RE: Atheists who work out
(15-03-2016 08:38 PM)yakherder Wrote:  This is a Ross Enamait blog post from a couple years back that I was reminded of both by reading over the past couple pages, and also as I watch spring trying its hardest to emerge. Some of you who are wanting to get working but under the impression that a gym or finely tuned plan is necessary might find it worth a read Smile I personally prefer what we refer to as odd object workouts outdoors. The gym makes me feel like a hamster.

Just Work

Quote:[Image: stone_carry2.jpg]

Following a recent entry about outdoor training, I woke up the next morning to find my inbox filled with questions. Many readers seemed interested in stone or log lifting, but were genuinely confused about how to track progress with an unmarked odd object.

For instance, one reader of the site wrote the following:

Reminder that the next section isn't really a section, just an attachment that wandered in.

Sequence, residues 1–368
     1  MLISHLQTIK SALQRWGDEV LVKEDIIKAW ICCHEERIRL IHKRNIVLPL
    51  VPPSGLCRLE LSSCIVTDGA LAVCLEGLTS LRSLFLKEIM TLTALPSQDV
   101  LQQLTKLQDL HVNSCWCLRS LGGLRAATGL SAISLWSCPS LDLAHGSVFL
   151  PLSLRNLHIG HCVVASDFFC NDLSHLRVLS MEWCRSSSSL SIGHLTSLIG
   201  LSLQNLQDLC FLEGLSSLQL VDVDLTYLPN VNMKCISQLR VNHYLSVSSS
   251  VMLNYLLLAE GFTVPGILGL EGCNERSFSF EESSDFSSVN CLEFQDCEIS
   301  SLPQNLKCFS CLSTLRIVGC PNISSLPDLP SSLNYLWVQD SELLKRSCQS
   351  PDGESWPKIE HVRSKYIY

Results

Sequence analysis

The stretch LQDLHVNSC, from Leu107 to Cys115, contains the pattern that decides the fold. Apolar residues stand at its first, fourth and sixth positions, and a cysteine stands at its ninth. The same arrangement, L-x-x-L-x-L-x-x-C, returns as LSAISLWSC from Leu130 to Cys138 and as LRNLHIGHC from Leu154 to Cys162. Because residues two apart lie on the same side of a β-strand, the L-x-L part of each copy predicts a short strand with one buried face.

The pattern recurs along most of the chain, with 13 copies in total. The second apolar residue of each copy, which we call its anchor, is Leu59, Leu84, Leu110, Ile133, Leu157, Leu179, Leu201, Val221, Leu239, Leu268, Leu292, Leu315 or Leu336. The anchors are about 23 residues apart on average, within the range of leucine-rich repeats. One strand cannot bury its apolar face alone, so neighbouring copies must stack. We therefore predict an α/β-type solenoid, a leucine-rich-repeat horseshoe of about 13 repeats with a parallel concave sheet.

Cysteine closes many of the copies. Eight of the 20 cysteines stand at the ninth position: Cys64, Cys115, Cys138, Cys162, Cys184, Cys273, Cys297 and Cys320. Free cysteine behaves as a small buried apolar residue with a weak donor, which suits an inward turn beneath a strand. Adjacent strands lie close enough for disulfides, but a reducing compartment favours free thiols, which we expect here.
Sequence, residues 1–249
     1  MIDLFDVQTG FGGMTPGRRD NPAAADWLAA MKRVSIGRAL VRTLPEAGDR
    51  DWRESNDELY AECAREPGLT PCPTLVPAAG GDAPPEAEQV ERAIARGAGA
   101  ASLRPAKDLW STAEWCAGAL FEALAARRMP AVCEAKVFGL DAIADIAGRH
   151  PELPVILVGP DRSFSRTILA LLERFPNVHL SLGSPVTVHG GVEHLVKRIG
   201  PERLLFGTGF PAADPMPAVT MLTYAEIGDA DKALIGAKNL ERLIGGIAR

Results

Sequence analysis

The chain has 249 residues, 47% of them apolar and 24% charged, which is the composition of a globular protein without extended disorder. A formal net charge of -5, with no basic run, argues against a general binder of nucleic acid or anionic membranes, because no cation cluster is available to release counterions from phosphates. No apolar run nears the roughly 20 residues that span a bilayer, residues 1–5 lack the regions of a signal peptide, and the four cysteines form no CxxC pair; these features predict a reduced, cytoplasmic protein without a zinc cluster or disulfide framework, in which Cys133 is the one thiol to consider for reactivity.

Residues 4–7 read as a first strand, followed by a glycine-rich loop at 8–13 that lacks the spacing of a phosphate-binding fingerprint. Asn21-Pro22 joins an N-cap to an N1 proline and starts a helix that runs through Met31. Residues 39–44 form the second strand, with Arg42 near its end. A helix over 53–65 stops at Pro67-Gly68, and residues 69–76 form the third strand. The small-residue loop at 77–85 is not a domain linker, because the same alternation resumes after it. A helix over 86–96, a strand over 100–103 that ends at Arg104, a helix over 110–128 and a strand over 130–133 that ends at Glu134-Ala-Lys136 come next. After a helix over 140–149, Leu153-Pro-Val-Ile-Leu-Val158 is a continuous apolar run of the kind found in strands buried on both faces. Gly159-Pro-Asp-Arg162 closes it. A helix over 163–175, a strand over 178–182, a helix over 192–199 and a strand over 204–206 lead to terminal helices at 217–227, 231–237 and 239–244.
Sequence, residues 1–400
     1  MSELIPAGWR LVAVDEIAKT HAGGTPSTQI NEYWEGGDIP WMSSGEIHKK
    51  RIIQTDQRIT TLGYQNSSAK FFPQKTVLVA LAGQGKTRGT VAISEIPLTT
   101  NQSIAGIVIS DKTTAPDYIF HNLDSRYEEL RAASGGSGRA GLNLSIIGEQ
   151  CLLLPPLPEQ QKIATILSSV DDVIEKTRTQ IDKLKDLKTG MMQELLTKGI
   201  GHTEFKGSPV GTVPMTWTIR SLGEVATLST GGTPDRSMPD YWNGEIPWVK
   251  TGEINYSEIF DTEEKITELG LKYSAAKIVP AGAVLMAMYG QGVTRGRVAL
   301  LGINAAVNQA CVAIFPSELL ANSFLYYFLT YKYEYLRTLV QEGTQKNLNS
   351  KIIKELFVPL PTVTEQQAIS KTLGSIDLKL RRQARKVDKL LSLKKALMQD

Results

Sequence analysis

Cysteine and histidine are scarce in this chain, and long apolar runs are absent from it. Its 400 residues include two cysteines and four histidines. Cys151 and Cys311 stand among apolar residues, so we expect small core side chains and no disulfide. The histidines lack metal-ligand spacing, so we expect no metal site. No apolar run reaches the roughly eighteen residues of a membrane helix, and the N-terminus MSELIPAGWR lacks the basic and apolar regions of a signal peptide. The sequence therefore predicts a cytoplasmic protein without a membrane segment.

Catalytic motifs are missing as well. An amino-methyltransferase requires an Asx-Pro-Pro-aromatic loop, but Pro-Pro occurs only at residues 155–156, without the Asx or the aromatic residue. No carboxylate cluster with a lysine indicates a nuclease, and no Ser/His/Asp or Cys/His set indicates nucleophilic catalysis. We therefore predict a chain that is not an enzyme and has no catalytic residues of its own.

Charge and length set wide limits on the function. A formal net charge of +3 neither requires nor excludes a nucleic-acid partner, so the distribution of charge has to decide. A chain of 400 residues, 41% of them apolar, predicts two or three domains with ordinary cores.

“It’s fun to train outside, but how do I know if I am getting any stronger.”

He went on to explain his fondness for stone lifting, but expressed frustration over his inability to weigh any of the stones that he lifts. Like myself, this individual trains in the woods so does not have a convenient way to determine the weight of the stones that he uses.
Numbers Don’t Matter

Fortunately, you do not need to know the exact weight of a stone to benefit from it. Speaking for myself, I have a huge assortment of stones in the woods that I often lift and carry. I honestly have no idea what the stones weigh. When I lift stones, I am not concerned about training with a specific percentage of my 1-rep max.